André, Kay, Josephine and I head off through the village and into the woods while Jean-Marc retreats to his atelier (workshop). Kay points out to me that every other house is à vendre. The English like these remote village houses, and sometimes the Néerlandais, says Josephine. They come for one month in the summer, and then – pouf – the village is calme (still – or does that mean dead?) again. Some of these houses, she adds, have been à vendre for years.
We follow a track around a woody corner, past some seemingly abandoned beehives and we are confronted by a sign: Miel. Ah, voila l’apiculture, say Josephine, and it is open. We enter a kind of chalet and ring a bell at the desk. Monsieur l’apiculteur appears, almost immediately. (It will not do to translate apiculteur as a beekeeper. I would rather translate it as: he who conjures honey from bees).
If this were England, the purchase of honey would probably be enacted thus:
“Afternoon, mate, got any honey?”
“Small, medium or large, mate?”
“Large, please mate”.
“That’ll be six quid mate, thanking you”.
In France, however, the transaction is accomplished with infinitely more subtlety and finesse. The apiculteur greets his visitors and enquires how they might have learnt about his humble artisanship. Then he shares with us a little of the long history of beekeeping in these parts. It started with the Iberian tribes who roamed these hills in early antiquity, he says; but when the Romans came, beekeeping became the backbone of the local economy. Something to do with the favourable climate, and the remarkable diversity of flora and fauna.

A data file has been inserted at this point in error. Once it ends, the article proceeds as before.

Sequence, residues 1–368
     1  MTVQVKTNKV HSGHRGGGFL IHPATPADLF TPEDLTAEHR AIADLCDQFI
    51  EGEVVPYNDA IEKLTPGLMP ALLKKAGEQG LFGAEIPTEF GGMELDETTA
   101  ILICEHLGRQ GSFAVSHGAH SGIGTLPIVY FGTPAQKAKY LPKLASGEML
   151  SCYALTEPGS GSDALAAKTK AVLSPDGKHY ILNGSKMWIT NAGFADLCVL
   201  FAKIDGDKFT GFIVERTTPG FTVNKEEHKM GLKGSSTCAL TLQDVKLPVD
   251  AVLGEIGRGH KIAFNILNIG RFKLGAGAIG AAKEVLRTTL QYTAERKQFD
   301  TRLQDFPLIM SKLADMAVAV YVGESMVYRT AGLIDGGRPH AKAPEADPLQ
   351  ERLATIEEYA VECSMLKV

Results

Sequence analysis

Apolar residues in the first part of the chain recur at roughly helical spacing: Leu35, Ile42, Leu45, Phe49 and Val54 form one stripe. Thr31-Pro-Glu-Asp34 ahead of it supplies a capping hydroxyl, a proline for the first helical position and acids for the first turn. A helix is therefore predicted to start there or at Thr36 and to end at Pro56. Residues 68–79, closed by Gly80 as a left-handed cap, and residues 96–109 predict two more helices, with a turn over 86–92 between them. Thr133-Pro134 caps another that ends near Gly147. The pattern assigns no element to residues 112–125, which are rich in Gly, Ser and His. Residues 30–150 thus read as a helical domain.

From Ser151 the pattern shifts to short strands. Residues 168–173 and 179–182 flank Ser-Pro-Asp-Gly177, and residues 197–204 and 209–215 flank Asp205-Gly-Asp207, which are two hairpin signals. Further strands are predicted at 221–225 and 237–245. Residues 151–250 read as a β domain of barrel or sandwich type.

Then he lines up a row of jars on the counter and offers each of us little wooden tasting spoons. This, he says, is my standard Miel des Pyrénées, which can be creamy or runny. We taste. André makes a kind of kissing sound, which indicates approval. Then, continues the apiculteur, I offer my miel des bruyères (heather honey). Notice how the taste evolves as it moves across the tongue. The next, my personal favourite, is my miel au châtaignier (chestnut honey). You will not find that elsewhere in the Pyrenees. The next is au tilleul (with linden). Et enfin, he concludes, my little miel aux noisettes (hazelnut).
Throughout this performance, Kay gazes at the apiculteur. I have a horrible feeling that she might have conceived the plot of one of her novels. Frustrated English housewife, on holiday in the Pyrenees, encounters a mysterious beekeeper…but let’s not go there.
There is an intense and rather serious exchange between André and Josephine, who evidently disagree about the merits of linden. Kay decides to buy one of each while I pass on the hazelnut (too fierce a competitor for Nutella).
We leave the apiculteur after elaborate farewells and head towards the Afinage, a beautifully restored medieval hostelry which now functions as a pilgrim hostel and conference centre. Inside, it forms a galleried courtyard on four levels, a source (spring) gushing at the centre.